For his service in the Air Force during World War II, Wilcox earned the following:

•Honorable Service Lapel Button: Awarded to U.S. military service members who were discharged under honorable conditions during World War II.

•Asiatic-Pacific Campaign Medal: Awarded to U.S. military service members who served in the Asiatic-Pacific Theater between 1941-45.

•World War II Victory Medal: Established by Congress in 1945 and presented to those who actively served between Dec. 7, 1941, and Dec. 31, 1946.

•Army of Occupation Medal with Japan Clasp: Awarded for 30 days consecutive service while assigned to Japan between Sept. 3, 1945, and April 27, 1952.

First Lt. Robert Francis Fahey

Fahey began his military career in the U.S. Navy as a midshipman in the U.S. Naval Academy in 1946. While he was still in the academy, he had the opportunity to serve on the USS Coral Sea aircraft carrier. This experience sparked his interest in flying and, following his graduation in 1950, he volunteered to transfer to the U.S. Air Force to begin pilot training.

As the Korean War began, Fahey put his skills to use as the pilot of an F-84 jet fighter bomber, known as the Thunderjet. He served in the 49th Fighter Bomber Group, 9th Squadron, which did most of its missions above North Korea.

For four years, Fahey flew the bomber into positions to engage with strategic targets. He faced heavy fire from anti-aircraft artillery on the ground, but was struck only once during his 73 flight missions. Fahey was fast and accurate, setting the sights of his 50-calibur machine guns on enemy bases, transport vehicles, and ships with a high degree of precision. He was eventually transferred to the “targets” division of the 5th Air Force Headquarters in Seoul due to his experience and high level of skill.

After aiding in the identification of strategic targets for only 60 days, Fahey received news he would be heading home. Shortly after arriving stateside, he met the woman who would become his wife, a South Buffalo girl by the name of Marianne Comerford. After serving his country in the armed forces for close to eight years, Fahey settled down with his wife, they had four children, and went on to celebrate 59 years of marriage.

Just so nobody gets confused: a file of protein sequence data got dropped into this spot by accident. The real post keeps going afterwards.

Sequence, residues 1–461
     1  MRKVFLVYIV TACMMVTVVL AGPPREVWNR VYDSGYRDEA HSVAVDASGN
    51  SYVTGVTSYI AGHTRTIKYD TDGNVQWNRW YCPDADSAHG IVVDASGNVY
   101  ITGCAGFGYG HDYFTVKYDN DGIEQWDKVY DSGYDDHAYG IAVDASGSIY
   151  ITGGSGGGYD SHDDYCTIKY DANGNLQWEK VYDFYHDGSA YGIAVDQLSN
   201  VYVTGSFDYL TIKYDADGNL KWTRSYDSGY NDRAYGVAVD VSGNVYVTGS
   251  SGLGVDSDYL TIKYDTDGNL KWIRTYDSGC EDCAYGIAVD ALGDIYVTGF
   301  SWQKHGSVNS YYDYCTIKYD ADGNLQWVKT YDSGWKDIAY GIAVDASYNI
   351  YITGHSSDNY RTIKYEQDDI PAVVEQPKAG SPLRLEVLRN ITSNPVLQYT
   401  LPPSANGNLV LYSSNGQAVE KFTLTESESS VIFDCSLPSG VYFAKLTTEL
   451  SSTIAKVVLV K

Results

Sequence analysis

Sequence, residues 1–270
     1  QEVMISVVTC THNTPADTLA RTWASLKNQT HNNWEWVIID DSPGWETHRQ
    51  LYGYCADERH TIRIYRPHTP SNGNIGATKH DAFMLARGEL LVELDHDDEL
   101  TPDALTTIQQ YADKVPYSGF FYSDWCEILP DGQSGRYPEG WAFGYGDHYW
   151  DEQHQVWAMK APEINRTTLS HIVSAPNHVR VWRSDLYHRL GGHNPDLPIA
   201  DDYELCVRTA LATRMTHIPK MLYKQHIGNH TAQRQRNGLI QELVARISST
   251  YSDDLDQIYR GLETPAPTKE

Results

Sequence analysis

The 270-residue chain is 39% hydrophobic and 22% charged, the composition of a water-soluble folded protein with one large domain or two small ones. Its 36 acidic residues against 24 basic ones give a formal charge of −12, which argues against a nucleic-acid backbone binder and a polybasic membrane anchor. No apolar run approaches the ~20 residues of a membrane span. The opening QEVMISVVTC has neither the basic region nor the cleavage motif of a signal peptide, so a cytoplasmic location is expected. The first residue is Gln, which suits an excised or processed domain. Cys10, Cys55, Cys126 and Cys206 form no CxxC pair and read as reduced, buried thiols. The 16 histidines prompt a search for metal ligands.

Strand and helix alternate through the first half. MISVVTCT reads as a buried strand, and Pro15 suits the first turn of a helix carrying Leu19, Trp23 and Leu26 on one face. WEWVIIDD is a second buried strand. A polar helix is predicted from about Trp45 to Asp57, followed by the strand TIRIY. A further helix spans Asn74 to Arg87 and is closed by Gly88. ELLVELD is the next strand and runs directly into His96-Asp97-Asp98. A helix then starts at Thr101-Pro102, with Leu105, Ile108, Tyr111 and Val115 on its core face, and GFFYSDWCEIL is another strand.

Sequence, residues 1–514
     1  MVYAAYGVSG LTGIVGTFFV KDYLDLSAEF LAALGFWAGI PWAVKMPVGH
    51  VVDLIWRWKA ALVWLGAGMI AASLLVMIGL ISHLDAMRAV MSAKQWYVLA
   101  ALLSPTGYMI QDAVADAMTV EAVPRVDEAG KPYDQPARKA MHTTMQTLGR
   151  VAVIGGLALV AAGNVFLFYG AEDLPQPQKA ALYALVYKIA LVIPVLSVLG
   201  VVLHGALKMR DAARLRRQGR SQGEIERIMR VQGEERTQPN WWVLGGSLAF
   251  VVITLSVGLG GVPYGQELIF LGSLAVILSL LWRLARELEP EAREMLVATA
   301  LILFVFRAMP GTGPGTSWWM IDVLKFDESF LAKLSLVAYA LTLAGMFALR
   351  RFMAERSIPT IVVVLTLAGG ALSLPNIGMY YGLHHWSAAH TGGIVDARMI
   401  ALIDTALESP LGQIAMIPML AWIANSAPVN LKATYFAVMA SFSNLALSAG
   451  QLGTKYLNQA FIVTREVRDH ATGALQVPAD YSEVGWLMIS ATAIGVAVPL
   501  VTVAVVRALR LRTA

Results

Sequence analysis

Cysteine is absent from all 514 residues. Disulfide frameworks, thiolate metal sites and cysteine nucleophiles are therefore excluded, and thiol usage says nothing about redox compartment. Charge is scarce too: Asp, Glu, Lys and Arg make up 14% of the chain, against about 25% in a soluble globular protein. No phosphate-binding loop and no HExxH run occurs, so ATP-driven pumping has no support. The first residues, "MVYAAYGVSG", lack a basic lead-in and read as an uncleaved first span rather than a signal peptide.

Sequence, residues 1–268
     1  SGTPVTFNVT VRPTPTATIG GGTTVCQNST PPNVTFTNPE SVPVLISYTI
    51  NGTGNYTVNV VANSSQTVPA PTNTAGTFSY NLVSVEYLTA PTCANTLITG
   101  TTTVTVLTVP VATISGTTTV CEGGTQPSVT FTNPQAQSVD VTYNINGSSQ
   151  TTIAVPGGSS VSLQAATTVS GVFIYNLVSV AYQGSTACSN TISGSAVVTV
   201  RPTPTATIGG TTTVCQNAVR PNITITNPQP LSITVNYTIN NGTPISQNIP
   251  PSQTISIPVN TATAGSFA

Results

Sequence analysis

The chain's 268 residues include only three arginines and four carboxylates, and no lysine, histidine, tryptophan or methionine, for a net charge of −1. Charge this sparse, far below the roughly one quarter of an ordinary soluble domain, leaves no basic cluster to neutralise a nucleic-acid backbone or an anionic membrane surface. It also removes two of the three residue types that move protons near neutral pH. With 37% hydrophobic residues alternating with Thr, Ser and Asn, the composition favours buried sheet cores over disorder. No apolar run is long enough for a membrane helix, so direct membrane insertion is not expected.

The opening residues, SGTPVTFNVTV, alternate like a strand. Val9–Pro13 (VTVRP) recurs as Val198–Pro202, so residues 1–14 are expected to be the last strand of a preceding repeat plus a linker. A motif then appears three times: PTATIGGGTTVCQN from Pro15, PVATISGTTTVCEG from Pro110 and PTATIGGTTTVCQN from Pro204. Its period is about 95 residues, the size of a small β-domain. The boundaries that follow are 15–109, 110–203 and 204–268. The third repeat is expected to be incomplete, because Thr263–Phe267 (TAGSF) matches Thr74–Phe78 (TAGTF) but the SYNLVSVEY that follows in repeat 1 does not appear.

Today, he enjoys his life as a grandfather of seven, a great-grandfather of nine, and still heads into work in the insurance business with his daughter regularly.

For his service in the U.S. Air Force during the Korean War, Fahey earned the following:

•United Nations Service Medal: An international decoration awarded by the United Nations for participation in joint international military and police operations such as peacekeeping, humanitarian efforts and disaster relief.

•Korean Service Medal with Two Bronze Service Stars: Awarded for participation in the Korean War; the two Bronze Service Stars represent the two military campaigns in which he served.

•National Defense Service Medal: For members of the U.S. Armed Forces who served during qualifying periods of national emergency, in this case the Korean War.

World War II Victory Medal: Established by Congress in 1945 and presented to those who actively served between Dec. 7, 1941, and Dec. 31, 1946.

•Air Medal with One Bronze Oak Leaf Cluster: The Air Medal is awarded for single acts of heroism or meritorious achievement while participating in aerial flight. The Oak Leaf Cluster denotes recognition for a second act of heroism.

•Distinguished Flying Cross: First authorized by Section 12 of the U.S. Army Air Corps Act enacted by Congress on July 2, 1926, this medal awards "heroism or extraordinary achievement while participating in an aerial flight.” It is among the highest honors a member of the U.S. Air Force can receive.

Students from Amherst Central High School performed the National Anthem during the ceremony. Both veterans also received proclamations from McMahon and the Amherst Town Board, certificates from U.S. Air Force Tech Sgt. Adam Mezyk with the 313th Air Force Recruiting Squadron, as well as flags flown over the U.S. Capitol by Higgins.

Congressman Brian Higgins with the awardees.